Sandy Middleton, Australian Catholic UniversityFollow
Simeon Dale, Australian Catholic UniversityFollow
Elizabeth McInnes, Australian Catholic UniversityFollow
Louise Craig, Australian Catholic UniversityFollow
Verena Schadewaldt, Australian Catholic UniversityFollow
Middleton, S., Levi, C., Dale, S., Chung, N., McInnes, E., Considine, J., D'Este, C., Cadilhac, D., Grimshaw, J., Gerraty, R., Craig, L., Schadewaldt, V., McElduff, P., Fitzgerald, M., Quinn, C., Cadigan, G., Denisenko, S., Longworth, M. & Ward, J. (2016). Triage, treatment and transfer of patients with stroke in emergency department trial (the T3 Trial): a cluster randomised trial protocol. Implementation Science,11(139), A. Sales. 1-9. United Kingdom: Biomed Central Ltd. Retrieved from https://doi.org/10.1186/s13012-016-0503-6
Background Internationally recognised evidence-based guidelines recommend appropriate triage of patients with stroke in emergency departments (EDs), administration of tissue plasminogen activator (tPA), and proactive management of fever, hyperglycaemia and swallowing before prompt transfer to a stroke unit to maximise outcomes. We aim to evaluate the effectiveness in EDs of a theory-informed, nurse-initiated, intervention to improve multidisciplinary triage, treatment and transfer (T3) of patients with acute stroke to improve 90-day death and dependency. Organisational and contextual factors associated with intervention uptake also will be evaluated. Methods This prospective, multicentre, parallel group, cluster randomised trial with blinded outcome assessment will be conducted in EDs of hospitals with stroke units in three Australian states and one territory. EDs will be randomised 1:1 within strata defined by state and tPA volume to receive either the T3 intervention or no additional support (control EDs). Our T3 intervention comprises an evidence-based care bundle targeting: (1) triage: routine assignment of patients with suspected stroke to Australian Triage Scale category 1 or 2; (2) treatment: screening for tPA eligibility and administration of tPA where applicable; instigation of protocols for management of fever, hyperglycaemia and swallowing; and (3) transfer: prompt admission to the stroke unit. We will use implementation science behaviour change methods informed by the Theoretical Domains Framework [1, 2] consisting of (i) workshops to determine barriers and local solutions; (ii) mixed interactive and didactic education; (iii) local clinical opinion leaders; and (iv) reminders in the form of email, telephone and site visits. Our primary outcome measure is 90 days post-admission death or dependency (modified Rankin Scale >2). Secondary outcomes are health status (SF-36), functional dependency (Barthel Index), quality of life (EQ-5D); and quality of care outcomes, namely, monitoring and management practices for thrombolysis, fever, hyperglycaemia, swallowing and prompt transfer. Outcomes will be assessed at the patient level. A separate process evaluation will examine contextual factors to successful intervention uptake. At the time of publication, EDs have been randomised and the intervention is being implemented. Discussion This theoretically informed intervention is aimed at addressing important gaps in care to maximise 90-day health outcomes for patients with stroke.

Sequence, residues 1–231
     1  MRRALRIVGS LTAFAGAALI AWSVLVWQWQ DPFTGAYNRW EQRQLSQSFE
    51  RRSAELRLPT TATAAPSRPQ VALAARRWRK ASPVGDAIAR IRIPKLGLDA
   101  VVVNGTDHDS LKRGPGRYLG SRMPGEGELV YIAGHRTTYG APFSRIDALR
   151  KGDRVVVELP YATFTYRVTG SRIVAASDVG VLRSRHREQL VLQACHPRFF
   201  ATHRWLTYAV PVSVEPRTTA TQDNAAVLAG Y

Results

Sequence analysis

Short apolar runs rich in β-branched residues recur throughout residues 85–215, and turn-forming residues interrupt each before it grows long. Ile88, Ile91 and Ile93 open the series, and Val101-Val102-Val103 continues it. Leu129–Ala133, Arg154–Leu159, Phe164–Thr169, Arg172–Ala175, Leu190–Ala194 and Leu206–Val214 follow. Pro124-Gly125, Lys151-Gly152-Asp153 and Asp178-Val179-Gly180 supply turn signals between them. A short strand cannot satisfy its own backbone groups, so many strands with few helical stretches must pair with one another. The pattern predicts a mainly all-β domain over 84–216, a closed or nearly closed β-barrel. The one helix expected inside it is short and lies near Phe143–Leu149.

Open Access Journal Article